There was a yawning paradox at the center of Eric Hobsbawm's life. While he stressed the bigger canvass on which history is written, and gave deserved recognition to the unsung heroes who pushed for progress, he lived on the front line of history made by great men. The history of Germany would have been far different had it not been for the monstrous, maniacal personality of Adolf Hitler. The same was true of Stalin in the Soviet Union.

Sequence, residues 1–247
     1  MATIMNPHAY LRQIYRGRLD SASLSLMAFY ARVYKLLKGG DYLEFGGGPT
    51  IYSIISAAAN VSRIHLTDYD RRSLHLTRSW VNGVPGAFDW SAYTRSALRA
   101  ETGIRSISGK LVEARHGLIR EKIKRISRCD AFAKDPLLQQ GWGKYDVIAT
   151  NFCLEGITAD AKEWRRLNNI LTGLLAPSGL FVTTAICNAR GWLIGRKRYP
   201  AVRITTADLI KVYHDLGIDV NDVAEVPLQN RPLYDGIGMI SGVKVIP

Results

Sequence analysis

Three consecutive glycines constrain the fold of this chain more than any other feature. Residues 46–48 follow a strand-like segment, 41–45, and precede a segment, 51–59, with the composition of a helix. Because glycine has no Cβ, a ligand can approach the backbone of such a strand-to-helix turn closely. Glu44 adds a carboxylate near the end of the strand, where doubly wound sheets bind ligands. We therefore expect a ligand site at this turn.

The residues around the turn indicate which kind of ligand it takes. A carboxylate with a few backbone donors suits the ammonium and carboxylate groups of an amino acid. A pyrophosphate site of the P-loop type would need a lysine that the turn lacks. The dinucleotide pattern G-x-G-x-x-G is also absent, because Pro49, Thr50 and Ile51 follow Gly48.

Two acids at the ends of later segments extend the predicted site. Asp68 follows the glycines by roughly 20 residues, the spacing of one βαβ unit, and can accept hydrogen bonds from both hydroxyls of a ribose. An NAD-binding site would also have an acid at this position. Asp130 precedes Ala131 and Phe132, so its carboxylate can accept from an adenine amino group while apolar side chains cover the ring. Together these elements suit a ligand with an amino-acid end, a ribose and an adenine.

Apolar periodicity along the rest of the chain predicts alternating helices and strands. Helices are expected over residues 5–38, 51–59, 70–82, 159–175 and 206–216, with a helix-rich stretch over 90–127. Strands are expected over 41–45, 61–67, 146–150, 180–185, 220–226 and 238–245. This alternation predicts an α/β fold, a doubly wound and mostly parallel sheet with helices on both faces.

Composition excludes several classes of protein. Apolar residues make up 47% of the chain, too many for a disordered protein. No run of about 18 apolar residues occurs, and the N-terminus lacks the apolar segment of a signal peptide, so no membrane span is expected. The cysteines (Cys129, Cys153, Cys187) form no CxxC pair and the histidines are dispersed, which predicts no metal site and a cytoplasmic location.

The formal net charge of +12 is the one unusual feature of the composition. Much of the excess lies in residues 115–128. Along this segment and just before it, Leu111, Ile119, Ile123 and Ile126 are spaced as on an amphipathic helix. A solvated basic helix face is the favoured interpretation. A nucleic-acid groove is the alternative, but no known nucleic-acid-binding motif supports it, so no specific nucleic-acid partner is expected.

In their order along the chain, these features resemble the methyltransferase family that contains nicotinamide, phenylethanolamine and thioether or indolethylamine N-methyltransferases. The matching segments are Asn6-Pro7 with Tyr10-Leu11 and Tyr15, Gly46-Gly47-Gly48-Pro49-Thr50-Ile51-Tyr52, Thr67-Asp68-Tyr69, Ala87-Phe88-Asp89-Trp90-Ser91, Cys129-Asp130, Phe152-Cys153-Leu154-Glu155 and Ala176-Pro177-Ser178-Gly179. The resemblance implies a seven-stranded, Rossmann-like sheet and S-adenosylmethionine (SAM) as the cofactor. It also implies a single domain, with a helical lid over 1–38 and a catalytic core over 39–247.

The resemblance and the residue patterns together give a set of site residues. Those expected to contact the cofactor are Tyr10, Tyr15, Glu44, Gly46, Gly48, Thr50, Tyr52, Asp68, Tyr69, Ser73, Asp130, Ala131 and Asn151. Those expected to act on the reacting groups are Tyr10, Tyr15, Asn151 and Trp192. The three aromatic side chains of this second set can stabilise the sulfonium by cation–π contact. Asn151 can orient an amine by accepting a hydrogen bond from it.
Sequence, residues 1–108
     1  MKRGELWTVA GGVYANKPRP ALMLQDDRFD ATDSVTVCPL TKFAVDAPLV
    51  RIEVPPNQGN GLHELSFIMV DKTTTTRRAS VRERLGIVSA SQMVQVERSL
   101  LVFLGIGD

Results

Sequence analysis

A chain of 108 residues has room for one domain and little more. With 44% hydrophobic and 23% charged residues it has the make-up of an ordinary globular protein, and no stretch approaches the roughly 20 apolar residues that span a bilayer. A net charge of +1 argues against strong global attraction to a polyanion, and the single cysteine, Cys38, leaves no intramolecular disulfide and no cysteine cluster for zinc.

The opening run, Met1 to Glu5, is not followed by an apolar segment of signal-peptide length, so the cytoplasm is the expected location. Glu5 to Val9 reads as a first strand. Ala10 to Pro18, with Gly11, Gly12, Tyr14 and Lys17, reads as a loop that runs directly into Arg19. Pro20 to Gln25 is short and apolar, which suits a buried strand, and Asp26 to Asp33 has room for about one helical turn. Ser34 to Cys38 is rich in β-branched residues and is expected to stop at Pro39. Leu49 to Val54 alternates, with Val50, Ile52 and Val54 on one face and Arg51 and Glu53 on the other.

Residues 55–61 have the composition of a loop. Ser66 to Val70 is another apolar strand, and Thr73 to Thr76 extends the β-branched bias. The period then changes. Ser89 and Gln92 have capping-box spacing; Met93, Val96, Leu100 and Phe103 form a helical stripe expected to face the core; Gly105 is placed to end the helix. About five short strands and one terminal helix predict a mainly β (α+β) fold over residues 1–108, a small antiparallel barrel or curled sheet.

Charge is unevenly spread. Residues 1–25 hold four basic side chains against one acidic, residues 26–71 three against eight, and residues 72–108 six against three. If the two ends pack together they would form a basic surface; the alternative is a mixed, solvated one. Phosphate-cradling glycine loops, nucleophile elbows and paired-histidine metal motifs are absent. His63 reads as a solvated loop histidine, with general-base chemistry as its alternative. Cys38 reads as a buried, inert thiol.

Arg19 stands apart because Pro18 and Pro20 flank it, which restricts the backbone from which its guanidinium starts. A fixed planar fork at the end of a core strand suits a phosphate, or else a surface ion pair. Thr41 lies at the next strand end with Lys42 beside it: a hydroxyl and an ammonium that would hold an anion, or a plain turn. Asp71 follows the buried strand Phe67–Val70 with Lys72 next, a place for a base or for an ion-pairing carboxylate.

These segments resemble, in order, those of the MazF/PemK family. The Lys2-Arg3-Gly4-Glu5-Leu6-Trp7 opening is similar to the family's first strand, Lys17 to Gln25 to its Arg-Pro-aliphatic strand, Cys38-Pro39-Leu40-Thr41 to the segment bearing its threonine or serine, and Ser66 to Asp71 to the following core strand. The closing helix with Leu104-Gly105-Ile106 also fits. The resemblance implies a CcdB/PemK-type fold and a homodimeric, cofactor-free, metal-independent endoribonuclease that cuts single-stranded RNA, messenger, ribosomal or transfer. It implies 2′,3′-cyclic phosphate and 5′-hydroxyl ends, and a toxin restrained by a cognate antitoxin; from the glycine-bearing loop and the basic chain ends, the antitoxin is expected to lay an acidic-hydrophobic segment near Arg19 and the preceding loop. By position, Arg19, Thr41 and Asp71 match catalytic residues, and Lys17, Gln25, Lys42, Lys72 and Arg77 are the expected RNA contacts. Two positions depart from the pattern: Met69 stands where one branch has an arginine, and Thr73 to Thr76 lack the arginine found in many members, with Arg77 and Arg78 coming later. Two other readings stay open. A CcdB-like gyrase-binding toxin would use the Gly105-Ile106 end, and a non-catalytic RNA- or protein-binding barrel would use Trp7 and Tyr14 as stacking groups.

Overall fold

Hobsbawm also underestimated his own greatness and his potential to influence others. Had he broken with the Communist Party at any stage, his example could have inspired many others to follow him and reject a utopian notion that had degenerated into a murderous creed.